Faster React: Pure Components

An exercise with the React developer tools

It is easy to start blazing trails in a React app without taking the necessary steps to avoid future performance issues. You get into a flow state and the components are just blasting out of your keyboard. Before you know it, you have got a 100 components all with event handlers, state, props, context and asynchronous calls to apis everywhere.

Everything is working great, things are snappy and smooth like butter. You release the app into the wild, it is a hit! 10,000 users nearly over night. ūüí•

Then things start to slow down. You start getting complaints about initial app load times and general sluggishness throughout your app. ūüė≠

This kind of scenario is one we all hope to simply completely avoid, however things happen. In this post we will explore how to identify components that are slow and what to do about it.

3 Steps to Success

1.  Identify components that are causing performance issues using React Profiler (see section below on how to install)

2.  Investigate components to determine why they are slow.

3.  Make small changes, test for improvement, rinse and repeat.

Identifying Performance Issues

The React Profiler is a great tool for investigating how many times your components are being rendered and how long it takes. To use the React Profiler you go to the "Profiler" tab, click the little dot to start recording and then you click it again to stop recording. You are then presented with the rendering activity in an interactive diagram.

One of the best ways to learn is by doing, so I have created an experiment for you to help understand how to identify performance issues using the React Profiler.

In this experiment you will need to install the React developer tools and then investigate 2 different React apps. Each app has the same code with the exception that one has been slightly optimized using a technique we will cover shortly.

1. Install React Developer Tools

To begin if you have not already added the React Developer Tools, here are links to do so:

2. Investigate the Non-Optimized React App‚Äć

  • Go to https://react-performance-tuning.netlify.app/
  • Open up your dev tools and go to the "Profiler" tab that was added after you installed the React Developer tools
  • Click the little dot in the top left to begin recording
  • Wait 10 seconds
  • Click the little dot in the top left to stop recording
  • You should now see something that looks like this:
What are your observations?


3. Investigate the Optimized React App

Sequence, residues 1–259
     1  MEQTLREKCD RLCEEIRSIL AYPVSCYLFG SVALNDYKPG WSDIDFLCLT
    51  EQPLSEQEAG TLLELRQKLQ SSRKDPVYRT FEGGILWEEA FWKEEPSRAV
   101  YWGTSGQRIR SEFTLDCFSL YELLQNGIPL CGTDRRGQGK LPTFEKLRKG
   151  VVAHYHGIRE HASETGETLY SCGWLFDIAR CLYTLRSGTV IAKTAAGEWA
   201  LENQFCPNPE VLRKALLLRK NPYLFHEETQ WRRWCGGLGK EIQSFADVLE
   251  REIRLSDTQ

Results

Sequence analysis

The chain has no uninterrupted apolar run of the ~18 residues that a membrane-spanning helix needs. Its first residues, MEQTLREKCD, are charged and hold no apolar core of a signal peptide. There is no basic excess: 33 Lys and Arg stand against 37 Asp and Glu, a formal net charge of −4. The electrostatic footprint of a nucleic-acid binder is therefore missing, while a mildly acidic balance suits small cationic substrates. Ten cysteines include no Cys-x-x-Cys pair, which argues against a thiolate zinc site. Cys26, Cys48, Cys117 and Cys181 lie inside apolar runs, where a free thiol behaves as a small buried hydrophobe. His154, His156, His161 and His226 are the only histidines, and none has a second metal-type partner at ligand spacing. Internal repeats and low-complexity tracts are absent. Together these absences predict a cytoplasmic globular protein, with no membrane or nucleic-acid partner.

• Go to https://react-performance-tuning-optimized.netlify.app/‚Äć
  • Open up your dev tools and go to the "Profiler" tab that was added after you installed the React Developer tools
  • Click the little dot in the top left to begin recording
  • Wait 10 seconds
  • Click the little dot in the top left to stop recording
  • You should now see something that looks like this:
What are your observations now?

‚Äć

Results

Did you notice the difference?

You should have seen that in the optimized React app many of those green blocks are now grey, which means they did not re-render.

How is this possible?

The way this was achieved was by using a pure component, i.e. a component that only renders if its props change. You can create pure components either by using a class component that inherits from PureComponent or by using the memo function to wrap a function component.

Let's talk a bit more about pure components.

Pure Components

As we discussed above pure components only re-render when their props change. Let's look at a class example vs a function example, each works essentially the same.

Class Example

‚Äć

```language-javascript
export class Block extends PureComponent {
 render() {
   const { isActive, value } = this.props;
   return (
     <div className={[styles.container, isActive ? styles.active : null].filter(Boolean).join(" ")}>
       {value}
     </div>
   );
 }
}
```

Function Example

‚Äć

```language-javascript
export const Block = React.memo(({ isActive, value }) => {
 return (
   <div
     className={[styles.container, isActive ? styles.active : null]
       .filter(Boolean)
       .join(" ")}
   >
     {value}
   </div>
 );
});
```

Summary

Hopefully this exercise shined some light on how you can begin to approach performance issues with your React apps. This was achieved by using the React developer tools to profile our app to determine what components are rendering that do not have to. We then looked at how by using pure components we can prevent unnecessary re-renders.

In the next post we will look at other things to look into to determine what your bottlenecks are and how to address them.